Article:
By the time we meet him, Natsume has buried any trace of vulnerability so deep within himself that he can sometimes forget it even exists. He’s put up thick walls of polite smiles and words. It’s an almost perfect replica of a happy young man without a care in the world. Almost but not quite. And those around him can tell something’s off.
Over the course of the six seasons that have aired, **As we wait for the next one. Cough cough*** we’ve seen the boy slowly come out of his shell. Either coaxed by the kindness of a real family, through self-determination for the love of newfound friends or dragged out by the force of a relentless and eternally hungry cat.
Life has gotten better for Natsume. He’s finally found a place where he belongs. For the first time, he can enjoy those little things we take for granted, like getting scolded by a worried parent when he’s late. In time he might even relax enough to take them a little bit for granted as well. The wounds of the past are slowly healing and he has finally become strong enough to be vulnerable again.
One of the most powerful episodes of… anything…I have ever watched, was the conclusion of Natsume’s season 4. It was a culmination of everything the boy’s been though. All the pain and loss but also the sudden hope that has come into his life. For a moment, Natsume let it all in. Allowed himself to feel it all. Accepted the weak and scared little boy that he was and held him close to his heart. And we got to experience it all alongside him.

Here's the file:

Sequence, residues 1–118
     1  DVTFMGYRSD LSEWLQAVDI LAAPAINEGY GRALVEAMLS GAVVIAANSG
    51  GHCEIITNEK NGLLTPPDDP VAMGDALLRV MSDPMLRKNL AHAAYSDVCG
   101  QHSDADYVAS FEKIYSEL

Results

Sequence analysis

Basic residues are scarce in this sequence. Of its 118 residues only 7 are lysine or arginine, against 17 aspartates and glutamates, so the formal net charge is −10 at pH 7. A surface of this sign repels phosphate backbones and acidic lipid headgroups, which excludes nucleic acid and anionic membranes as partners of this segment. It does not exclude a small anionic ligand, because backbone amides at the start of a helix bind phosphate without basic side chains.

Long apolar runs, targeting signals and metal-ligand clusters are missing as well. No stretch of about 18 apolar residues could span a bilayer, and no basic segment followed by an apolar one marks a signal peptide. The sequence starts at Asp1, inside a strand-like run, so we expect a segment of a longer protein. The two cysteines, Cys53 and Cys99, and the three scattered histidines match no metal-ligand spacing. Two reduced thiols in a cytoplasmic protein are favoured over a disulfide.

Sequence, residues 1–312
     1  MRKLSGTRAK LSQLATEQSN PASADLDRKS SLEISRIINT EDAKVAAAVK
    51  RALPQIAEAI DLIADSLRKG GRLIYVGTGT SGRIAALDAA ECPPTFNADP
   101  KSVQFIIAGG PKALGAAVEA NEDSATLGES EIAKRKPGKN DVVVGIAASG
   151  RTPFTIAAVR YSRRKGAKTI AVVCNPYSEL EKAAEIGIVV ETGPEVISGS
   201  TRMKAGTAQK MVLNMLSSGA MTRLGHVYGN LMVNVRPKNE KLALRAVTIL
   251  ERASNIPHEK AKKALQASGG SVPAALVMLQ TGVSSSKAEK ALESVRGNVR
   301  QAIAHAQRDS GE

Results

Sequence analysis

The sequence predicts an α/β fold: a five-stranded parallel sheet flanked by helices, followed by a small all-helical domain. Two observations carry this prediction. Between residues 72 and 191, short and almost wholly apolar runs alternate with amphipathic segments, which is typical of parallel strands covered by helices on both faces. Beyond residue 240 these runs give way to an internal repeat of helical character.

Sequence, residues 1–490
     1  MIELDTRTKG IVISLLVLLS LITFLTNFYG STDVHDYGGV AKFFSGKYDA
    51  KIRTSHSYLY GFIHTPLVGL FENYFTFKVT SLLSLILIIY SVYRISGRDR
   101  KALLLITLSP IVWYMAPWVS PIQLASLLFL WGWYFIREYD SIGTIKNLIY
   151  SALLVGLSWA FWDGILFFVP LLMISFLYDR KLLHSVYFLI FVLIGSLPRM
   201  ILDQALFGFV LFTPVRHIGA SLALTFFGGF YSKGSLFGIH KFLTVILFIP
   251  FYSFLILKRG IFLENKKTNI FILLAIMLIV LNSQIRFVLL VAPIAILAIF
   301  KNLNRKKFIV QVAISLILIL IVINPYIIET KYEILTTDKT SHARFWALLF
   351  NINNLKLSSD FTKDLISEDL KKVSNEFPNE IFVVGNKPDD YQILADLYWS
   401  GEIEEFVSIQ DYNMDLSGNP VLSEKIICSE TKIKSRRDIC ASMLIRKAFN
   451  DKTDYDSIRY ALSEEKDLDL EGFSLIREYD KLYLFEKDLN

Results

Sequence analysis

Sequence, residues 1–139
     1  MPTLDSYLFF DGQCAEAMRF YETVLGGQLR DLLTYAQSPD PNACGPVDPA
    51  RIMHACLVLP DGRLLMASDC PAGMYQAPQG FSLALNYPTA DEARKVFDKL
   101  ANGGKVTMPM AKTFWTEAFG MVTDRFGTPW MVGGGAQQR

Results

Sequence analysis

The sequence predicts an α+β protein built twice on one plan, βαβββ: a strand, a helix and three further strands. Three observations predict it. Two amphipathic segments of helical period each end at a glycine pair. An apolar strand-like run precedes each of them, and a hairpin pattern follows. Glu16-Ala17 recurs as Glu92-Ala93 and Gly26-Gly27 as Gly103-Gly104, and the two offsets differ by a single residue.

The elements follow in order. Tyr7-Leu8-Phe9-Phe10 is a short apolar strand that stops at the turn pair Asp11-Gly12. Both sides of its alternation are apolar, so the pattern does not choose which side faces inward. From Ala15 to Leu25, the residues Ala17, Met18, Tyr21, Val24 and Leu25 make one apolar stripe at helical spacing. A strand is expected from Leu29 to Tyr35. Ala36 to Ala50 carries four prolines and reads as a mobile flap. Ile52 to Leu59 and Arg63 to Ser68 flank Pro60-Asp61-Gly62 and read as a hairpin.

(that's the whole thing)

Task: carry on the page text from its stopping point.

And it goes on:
To me, that young man shaking under the weight of years of remorse and pain was a monumental achievement. The courage it takes to put yourself through such a thing is tremendous.
I still remember that moment vividly and I know lots of Natsume fans feel the same way. It’s a scene that burrows in your heart and just stays there. Making it a little bigger.
The Natsume that walked out of his parents’ old house after giving in to his vulnerability isn’t the same as the one who had walked in. He’s more flexible and less likely to break. He acknowledges pain and disappointment which opens him up to joy and hope. Vulnerability isn’t pleasant. It’s frightening to face and difficult to acknowledge. But it can also be very beautiful and deeply human.
For Natsume, it’s a saving grace.
I hope you enjoyed my little post. You should not miss Dylan’s take on Check Please! while Lyn will talk about Secondhand Serenade on Tuesday.
You can follow along with the whole tour:
- 6/9: Megan at Nerd Rambles
- 6/10: Hikari at Hikari Otaku Station
- 6/11: Crimson at Read at Night
- 6/13: Aria at AniManga Spellbook
- 6/14: Dylan at Dynamic Dylan
- 6/16: Irina at I Drink & Watch Anime
- 6/18: Lyn at Just Something About LynLyn
- 6/20: Jack at Animated Observations
- 6/22: Matt at Matt-in-the-Hat
- 6/23: Karandi at 100 Word Anime
- 6/24: YumDeku at MyAnime2go
- 6/25: Naja at Blerdy Otome
- 6/26: Scott at Mechanical Anime Reviews
- 6/27: Mel at Mel in Anime Land
- 6/28: Carla at Popculture Literary
- 6/29: Takuto at Takuto’s Anime Cafe
- 6/30: Neha at BiblioNyan
Hope to see you there!